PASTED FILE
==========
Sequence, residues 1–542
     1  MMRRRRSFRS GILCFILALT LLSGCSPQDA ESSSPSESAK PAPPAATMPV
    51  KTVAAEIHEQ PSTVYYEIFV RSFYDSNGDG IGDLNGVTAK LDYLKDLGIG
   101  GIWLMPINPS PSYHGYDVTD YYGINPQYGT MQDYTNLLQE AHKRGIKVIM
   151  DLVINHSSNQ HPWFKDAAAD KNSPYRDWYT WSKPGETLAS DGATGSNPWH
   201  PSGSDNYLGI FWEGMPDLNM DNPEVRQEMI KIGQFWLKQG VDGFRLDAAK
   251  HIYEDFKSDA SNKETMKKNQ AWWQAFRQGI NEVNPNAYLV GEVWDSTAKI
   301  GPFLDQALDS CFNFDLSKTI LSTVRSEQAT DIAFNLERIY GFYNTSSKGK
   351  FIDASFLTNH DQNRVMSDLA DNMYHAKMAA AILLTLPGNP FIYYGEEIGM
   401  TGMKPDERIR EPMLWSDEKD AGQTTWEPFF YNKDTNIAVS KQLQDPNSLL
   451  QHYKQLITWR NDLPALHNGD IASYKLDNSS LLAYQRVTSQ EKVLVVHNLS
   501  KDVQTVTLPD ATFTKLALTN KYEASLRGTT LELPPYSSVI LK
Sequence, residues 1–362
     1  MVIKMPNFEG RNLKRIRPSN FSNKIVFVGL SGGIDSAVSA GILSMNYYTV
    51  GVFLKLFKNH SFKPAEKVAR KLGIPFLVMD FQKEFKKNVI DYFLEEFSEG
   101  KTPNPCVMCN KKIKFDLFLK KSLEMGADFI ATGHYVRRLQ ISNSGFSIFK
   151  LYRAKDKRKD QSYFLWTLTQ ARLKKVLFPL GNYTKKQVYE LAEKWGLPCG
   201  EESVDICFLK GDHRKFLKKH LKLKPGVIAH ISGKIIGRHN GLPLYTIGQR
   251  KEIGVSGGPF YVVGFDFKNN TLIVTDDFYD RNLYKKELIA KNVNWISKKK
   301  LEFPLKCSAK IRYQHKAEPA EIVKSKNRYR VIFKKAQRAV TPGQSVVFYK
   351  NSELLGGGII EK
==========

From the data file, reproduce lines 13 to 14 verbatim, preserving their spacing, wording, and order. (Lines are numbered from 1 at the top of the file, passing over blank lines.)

Sequence, residues 1–362
     1  MVIKMPNFEG RNLKRIRPSN FSNKIVFVGL SGGIDSAVSA GILSMNYYTV